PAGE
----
QASSIM et al v. BUSH et al

Filing 51

Memorandum in opposition to motion re 44 (Respondents' Opposition to Petitioners' Motion To Grant Them Access to Representatives of the United Nations Commission on Human Rights) filed by GEORGE W. BUSH, DONALD RUMSFELD, JAY HOOD, BRICE GYURISKO. (Attachments: # 1 Text of Proposed Order)(Gilligan, James)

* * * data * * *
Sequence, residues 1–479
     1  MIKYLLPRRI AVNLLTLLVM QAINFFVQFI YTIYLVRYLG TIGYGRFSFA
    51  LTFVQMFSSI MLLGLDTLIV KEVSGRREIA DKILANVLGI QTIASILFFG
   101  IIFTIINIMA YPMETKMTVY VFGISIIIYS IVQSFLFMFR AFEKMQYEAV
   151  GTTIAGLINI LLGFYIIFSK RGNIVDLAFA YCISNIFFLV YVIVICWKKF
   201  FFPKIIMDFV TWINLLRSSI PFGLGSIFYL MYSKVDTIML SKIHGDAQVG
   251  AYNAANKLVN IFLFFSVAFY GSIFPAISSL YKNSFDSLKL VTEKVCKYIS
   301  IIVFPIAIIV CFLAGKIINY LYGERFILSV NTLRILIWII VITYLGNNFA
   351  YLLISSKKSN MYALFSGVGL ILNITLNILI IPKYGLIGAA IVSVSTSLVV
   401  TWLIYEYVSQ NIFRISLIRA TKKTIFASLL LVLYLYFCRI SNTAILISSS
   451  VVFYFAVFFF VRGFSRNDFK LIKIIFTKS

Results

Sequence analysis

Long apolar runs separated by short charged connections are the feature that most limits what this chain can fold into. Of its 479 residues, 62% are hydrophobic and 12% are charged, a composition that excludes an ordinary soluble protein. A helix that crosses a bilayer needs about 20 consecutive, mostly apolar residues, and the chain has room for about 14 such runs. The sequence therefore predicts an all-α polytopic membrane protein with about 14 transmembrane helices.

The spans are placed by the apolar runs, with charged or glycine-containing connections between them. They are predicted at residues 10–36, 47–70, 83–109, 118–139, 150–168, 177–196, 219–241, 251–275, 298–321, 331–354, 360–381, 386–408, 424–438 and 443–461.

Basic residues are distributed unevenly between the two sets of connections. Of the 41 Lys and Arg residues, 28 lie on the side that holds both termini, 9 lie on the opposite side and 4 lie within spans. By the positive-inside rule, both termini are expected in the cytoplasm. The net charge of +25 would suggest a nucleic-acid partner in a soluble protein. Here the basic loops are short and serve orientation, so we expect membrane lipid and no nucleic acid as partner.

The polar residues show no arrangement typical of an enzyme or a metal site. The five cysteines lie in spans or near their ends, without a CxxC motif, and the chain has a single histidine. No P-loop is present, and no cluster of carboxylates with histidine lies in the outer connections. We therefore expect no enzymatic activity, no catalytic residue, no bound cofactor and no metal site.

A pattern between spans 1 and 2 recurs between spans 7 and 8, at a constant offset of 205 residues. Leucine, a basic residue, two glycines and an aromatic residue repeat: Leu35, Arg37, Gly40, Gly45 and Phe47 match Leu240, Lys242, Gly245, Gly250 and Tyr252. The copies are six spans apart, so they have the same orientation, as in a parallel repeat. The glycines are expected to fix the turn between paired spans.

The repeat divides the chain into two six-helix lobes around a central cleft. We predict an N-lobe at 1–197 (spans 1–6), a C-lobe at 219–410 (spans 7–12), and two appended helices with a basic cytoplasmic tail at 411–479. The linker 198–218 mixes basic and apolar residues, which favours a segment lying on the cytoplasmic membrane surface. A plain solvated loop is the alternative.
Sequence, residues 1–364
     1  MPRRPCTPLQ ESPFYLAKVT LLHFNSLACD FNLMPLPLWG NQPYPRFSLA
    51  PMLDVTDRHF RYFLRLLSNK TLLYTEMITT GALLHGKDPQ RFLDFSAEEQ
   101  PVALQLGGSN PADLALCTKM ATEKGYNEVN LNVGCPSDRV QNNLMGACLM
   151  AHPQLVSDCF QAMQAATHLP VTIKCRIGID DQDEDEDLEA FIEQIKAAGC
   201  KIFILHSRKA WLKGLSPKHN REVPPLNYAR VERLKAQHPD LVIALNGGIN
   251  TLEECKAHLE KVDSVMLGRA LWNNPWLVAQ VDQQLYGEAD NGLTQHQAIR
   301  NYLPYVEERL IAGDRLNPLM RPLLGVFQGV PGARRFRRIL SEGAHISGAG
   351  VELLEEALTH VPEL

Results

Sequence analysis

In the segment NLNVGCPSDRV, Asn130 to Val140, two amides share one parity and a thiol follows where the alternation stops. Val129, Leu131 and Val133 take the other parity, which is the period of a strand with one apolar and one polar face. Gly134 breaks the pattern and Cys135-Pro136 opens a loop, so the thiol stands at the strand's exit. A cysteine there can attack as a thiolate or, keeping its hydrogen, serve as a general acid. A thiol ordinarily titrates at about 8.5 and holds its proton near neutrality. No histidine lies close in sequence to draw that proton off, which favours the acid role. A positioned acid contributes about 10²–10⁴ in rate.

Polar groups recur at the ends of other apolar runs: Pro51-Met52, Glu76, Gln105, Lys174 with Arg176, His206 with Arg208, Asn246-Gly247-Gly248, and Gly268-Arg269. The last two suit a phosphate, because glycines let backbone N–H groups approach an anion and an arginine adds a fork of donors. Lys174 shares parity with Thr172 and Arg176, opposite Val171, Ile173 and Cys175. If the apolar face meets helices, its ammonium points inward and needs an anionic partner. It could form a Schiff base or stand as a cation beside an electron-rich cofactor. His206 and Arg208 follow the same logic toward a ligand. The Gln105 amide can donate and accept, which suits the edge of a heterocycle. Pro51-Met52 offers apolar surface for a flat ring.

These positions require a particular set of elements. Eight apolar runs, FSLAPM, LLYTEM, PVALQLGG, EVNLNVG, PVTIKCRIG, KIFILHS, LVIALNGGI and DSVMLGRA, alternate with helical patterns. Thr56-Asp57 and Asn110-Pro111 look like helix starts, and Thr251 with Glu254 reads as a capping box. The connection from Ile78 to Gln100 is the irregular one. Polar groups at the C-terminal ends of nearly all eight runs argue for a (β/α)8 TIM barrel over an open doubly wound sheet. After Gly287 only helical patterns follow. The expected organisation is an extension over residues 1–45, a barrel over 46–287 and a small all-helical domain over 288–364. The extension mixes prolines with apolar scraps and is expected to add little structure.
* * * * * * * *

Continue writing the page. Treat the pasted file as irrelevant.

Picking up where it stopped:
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QASSIM et al v. BUSH et al Doc. 51 IN THE UNITED STATES DISTRICT COURT FOR THE DISTRICT OF COLUMBIA _______________________________________ ) ABU BAKKER QASSIM, et al., ) ) Petitioners/Plaintiffs, ) Civil Action No. ) 05-0497 (JR) v. ) ) GEORGE W. BUSH, et al., ) ) Respondents/Defendants. ) _______________________________________) RESPONDENTS' OPPOSITION TO PETITIONERS' MOTION TO GRANT THEM ACCESS TO REPRESENTATIVES OF THE UNITED NATIONS COMMISSION ON HUMAN RIGHTS INTRODUCTION Petitioners' request to meet with a representative of the United Nations Commission on Human Rights (UNCHR) during a visit by their counsel on November 16, 2005, has already been overtaken by events petitioners met with their counsel over two weeks ago. But even setting aside that unalterable fact, petitioners' request should be denied as legally and factually groundless. As petitioners essentially concede, a federal court has no authority, at least in a situation of this kind, to compel military authorities to provide unauthorized persons access to a military installation. Nor is there reason to believe that allowing petitioners to meet with U.N. Special Rapporteurs would aid in their resettlement, as the Special Rapporteurs are not engaged in any known resettlement activities on behalf of petitioners, or any other Guantanamo Bay detainees. Granting petitioners' request would only risk impinging on respondents' own diplomatic efforts to arrange for petitioners' resettlement, as well as efforts to arrange for a visit by the Special Rapporteurs to Guantanamo Bay to observe the conditions of detention there. For these reasons, as elaborated below, petitioners' motion should be denied. BACKGROUND On October 28, 2005, the Department of Defense extended invitations to three Special Rapporteurs of the UNCHR (not to be confused with the United Nations High Commissioner on Refugees) to visit detention facilities at the Guantanamo Bay Naval Station.1/ The three Special Rapporteurs to whom these invitations were made include Professor Leila Zerrougui, Chairperson-Rapporteur of the UNCHR Working Group on Arbitrary Detention.2/ Although Defense Department policy does not ordinarily provide for such visits to military detention facilities, the Defense Department extended this invitation, on an exceptional basis, in an effort to broaden public understanding of detention operations at Guantanamo Bay, and to demonstrate that detainees there are treated humanely. The visit was to include observation of detention operations, including nutritional, medical, recreational, religious, and cultural practices, with tours of detention facilities and opportunities to question senior command, medical, and interrogation staff. The invitations did not include access to, or the opportunity to meet with, individual detainees. Media Note, Department of State, supra n. 1. This is the same level of access to the facilities at Guantanamo Bay that has been given to Members of Congress. The Special Rapporteurs nominally accepted the Defense Department's offer for a proposed visit on December 6, 2005, as part of a joint study they have undertaken for the See Media Note, Office of the Spokesman, Bureau of Public Affairs, U.S. Department of State, "Invitation to UN Special Rapporteurs To Visit Guantanamo Bay Detention Facilities" (Oct. 28, 2005) (available at ("Media Note, Department of State"); News Release, Office of the Assistant Secretary of Defense (Public Affairs), U.S. Department of Defense, "Invitation to U.N. Special Rapporteurs"(Oct. 28, 2005) (available at releases/2005/nr20051028-4994.html) ("DoD News Release"). See Press Release, United Nations (Nov. 11, 2005) (available at english/press/newsFrameset-2.htm) ("U.N. Press Release"). 2 2/ 1/ UNCHR "on the situation of detainees in Guantanamo Bay." U.N. Press Release, supra n. 2. In addition, however, the Special Rapporteurs renewed an earlier request for "free access to all detainees and the opportunity to carry out private interviews with them." Id. When the Defense Department declined to reverse its earlier decision not to permit access to detainees, the Special Rapporteurs announced, on November 18, that they would not be traveling to Guantanamo Bay on December 6, as proposed. Id. The Defense Department's offer to the Special Rapporteurs to visit Guantanamo Bay still stands, however, and the government is prepared to continue its dialog with the Special Rapporteurs in the hope that they will accept the offer to visit the Guantanamo Bay Naval Station under the conditions set forth in the original invitation. In the meantime, counsel for petitioners contacted Professor Zerrougui and invited her to meet with petitioners at Guantanamo Bay on November 16, 2005, during counsel's pre-scheduled visit with petitioners on that date. Their asserted hope was that a meeting with Professor Zerrougui might "be a `gating event' to more active United Nations' assistance with Petitioners' resettlement." Petitioners' Motion To Grant Them Access to Representatives of the United Nations Commission on Human Rights ("Pet'rs' Mot.") (dkt. no. 44) at 2. According to petitioners Professor Zerrougui accepted their invitation, and their counsel, on November 7, less than a week before their scheduled departure for Guantanamo Bay, requested that respondents authorize Professor Zerrougui to meet with petitioners during counsel's November 16 visit. Id. ARGUMENT Petitioners' request to meet with Professor Zerrougui (or other representatives of the UNCHR) during their counsel's visit to Guantanamo Bay should be denied for the basic reason that their counsel's visit already took place as scheduled on November 16, more than two weeks 3 ago. No future visit by their counsel is currently scheduled or has been requested. Simply put, petitioners' request is presently moot. Even if it were not moot, petitioners' motion for an order directing respondents to grant persons access to a military installation to which respondents, including General Hood, Commander of Joint Task Force Guantanamo, have not consented, should nevertheless be denied for lack of any conceivable legal basis. "The control of access to a military base is clearly within the constitutional powers granted to both Congress and the President," Cafeteria & Rest. Workers Union, Local 473 v. McElroy, 367 U.S. 886, 890 (1961), not to the courts, and the power in turn delegated to a commanding officer "summarily to exclude civilians from the area of his command" is both "historically unquestioned," Greer v. Spock, 424 U.S. 828, 838 (1976) (citation omitted), and expressly conferred by law, see McElroy, 367 U.S. at 890-92. As the Supreme Court observed in McElroy, The power of a military commandant over a reservation is necessarily extensive and practically exclusive, forbidding entrance and controlling residence as the public interest may demand * * * It is well settled that a [p]ost [c]ommander can, under the authority conferred on him by statutes and regulations, in his discretion, exclude private persons and property therefrom, or admit them under such restrictions as he may prescribe in the interest of good order and military discipline. Id. at 893 (internal quotation marks and citations omitted). For their part, petitioners cite absolutely no authority under the habeas corpus statute, or otherwise, permitting a federal court to direct that persons be granted access to a military installation without the consent of its commanding officer, or his superiors. Indeed, for all intents and purposes, petitioners concede the absence of such authority in the present circumstances when they expressly disclaim reliance on any "judicial power . . . to order the Government to afford United Nations representatives access to the base." Pet'rs' Mot. at 4. 4 Instead, they rest their motion on nothing more than a naked assertion that respondents should not be permitted to continue their allegedly unlawful detention of petitioners "in a way that interferes with legitimate diplomatic efforts to secure Petitioners' release." Id. That assertion is not only without legal foundation, it is also factually groundless. Petitioners' contention that a personal visit with representatives of the UNCHR might become some sort of "`gating event' to more active United Nations' assistance with [their] resettlement," Pet'rs' Mot. at 2, is nothing but speculation. Petitioners describe no effort by the UNCHR to arrange for the resettlement of any detainees held at Guantanamo Bay, and respondents are aware of none. As noted above, the UNCHR and its representatives are engaged, in their own words, in a joint study "on the situation of detainees in Guantanamo Bay," U.N. Press Release, supra n. 2, and it was for that purpose that they were invited to observe operations, inspect facilities, and question officials at Guantanamo Bay, Media Note, Department of State, supra n. 1, not to arrange for anyone's resettlement. It cannot earnestly be maintained, as grounds for requiring that petitioners be permitted to meet with UNCHR representatives, that respondents are "block[ing] efforts [to resettle them] that might yield success through the assistance of the United Nations." Pet'rs' Mot. at 4. For this reason as well, petitioners' motion must be denied. Petitioners' remaining contentions similarly lack a legal or factual basis. They casually assert that because "the Government has already authorized Professor Zerrougui to visit Guantanamo . . . access to the Naval Station . . . does not appear to be an obstacle." Pet'rs' Mot. at 2. This argument ignores that petitioners are not simply asking that Professor Zerrougui be given access to the base, but that she be permitted to meet privately with petitioners during their visits with counsel, exactly the sort of access that the U.N. Special Rapporteurs sought as a condition of visiting Guantanamo Bay, see U.N. Press Release, supra n. 2, and which the 5 government, exercising its authority to admit persons to a military post "under such restrictions as [it] may prescribe," McElroy, 367 U.S. at 893 (internal quotation marks and citation omitted), refused to allow.3/ Petitioners also maintain that, "[i]f the Government is unwilling to consent to in-person visits by United Nations representatives" at Guantanamo Bay, "then it ought to be required to transport Petitioners to Washington, D.C., where such visits could also take place." Pet'rs' Mot. at 4. As respondents have already demonstrated, however, this Court has no authority under the habeas corpus statute, or otherwise, to order that non-resident aliens be permitted to enter this country from a foreign territory such as Guantanamo Bay, Cuba. Respondents' Supplemental Memorandum Pursuant to the Court's Invitation at the August 1, 2005 Hearing, at 2-10 (dkt. no. 27). Moreover, regardless of where petitioners would like to meet with UNCHR representatives, their stated objective, "to assist the United Nations" in "diplomatic efforts" to resettle them, Pet'rs' Mot. at 2, is itself reason to deny their request. Efforts to resettle petitioners in another country fall squarely within the purview of the Executive Branch over foreign policy matters, see Schneider v. Kissinger, 412 F.3d 190, 195 (D.C. Cir. 2005) (President possesses Of course, the government has provided the International Committee of the Red Cross (ICRC) with ongoing and regular access to individual detainees at Guantanamo, in keeping with the ICRC's unique mandate and competence. Respondents have also determined that it is appropriate to provide petitioners access to their counsel (albeit subject to the counsel-access provisions of the protective order entered in this and other cases requiring, among other conditions, that counsel obtain security clearances) consistent with the ruling by this Court in Al Odah v. United States, 346 F. Supp. 2d 1, 5-8 (D.D.C. 2004), that Guantanamo detainees are entitled to the assistance of counsel in presenting their habeas corpus claims to the Court. As noted above, however, Defense Department policy does not provide for routine access by civilians to wartime detainees, and respondents' decisions to provide such access under these exceptional circumstances in no way obligates them to provide such access for any reason whatever that petitioners may request, see Greer v. Spock, 424 U.S. at 838 n. 10, especially for reasons so unsubstantiated as those given by petitioners here. 6 3/ "`plenary and exclusive' power in the international arena," and acts "`as the sole organ of the federal government in the field of international relations'") (citation omitted), as well as the Executive's authority to deal appropriately and effectively with issues of repatriating and resettling wartime detainees. See Curran v. Laird, 420 F.2d 122, 130 (D.C. Cir. 1969) (en banc) ("the Executive should be accorded wide and normally unassailable discretion with respect to the conduct of the national defense and the prosecution of national objectives through military means"). The government's diplomatic efforts to resettle petitioners and other ethnic Uighers in one or more suitable foreign countries are still ongoing, and this Court should avoid taking action that could impinge upon the government's endeavors in a sphere so firmly and traditionally committed to the Executive. See Crosby v. Nat'l Foreign Trade Council, 530 U.S. 363, 381 (2000) (expressing disapproval of acts that "compromise the very capacity of the President to speak for the nation with one voice in dealing with other governments"); Ex parte Republic of Peru, 318 U.S. 578, 588 (1943) ("courts may not so exercise their jurisdiction . . . as to embarrass the executive arm of the government in conducting foreign relations"); Spacil v. Crowe, 489 F.2d 614, 619 (5th Cir. 1974) (courts must be reluctant "to interfere with or embarrass the executive in its constitutional role as the nation's primary organ of international policy," because "in the chess game that is diplomacy only the executive has a view of the entire board and an understanding of the relationship between isolated moves"). Just as importantly, the government's offer to the U.N. Special Rapporteurs to visit Guantanamo Bay still stands, as noted above, and the government hopes that a visit by the Special Rapporteurs to Guantanamo Bay can still be arranged. The Court should be equally hesitant to take actions at petitioners' behest that could impact upon the Special Rapporteurs' reconsideration of the Defense Department's invitation. 7 CONCLUSION For the forgoing reasons, petitioners' motion to grant them access to UNCHR representatives should be denied. Dated: December 2, 2005 Respectfully submitted, PETER D. KEISLER Assistant Attorney General KENNETH L. WAINSTEIN United States Attorney DOUGLAS N. LETTER Terrorism Litigation Counsel /s/ James J. Gilligan JOSEPH H. HUNT VINCENT M. GARVEY TERRY M. HENRY JAMES J. SCHWARTZPREEYA M. NORONHA ROBERT J. KATERBERG NICHOLAS J. PATTERSON ANDREW I. WARDEN EDWARD H. WHITE JAMES J. GILLIGAN Attorneys United States Department of Justice Civil Division, Federal Programs Branch P.O. Box 883 Washington, D.C. 200044 Tel: (202) 514-3358 Fax: (202) 616-8470 Attorneys for Respondents 8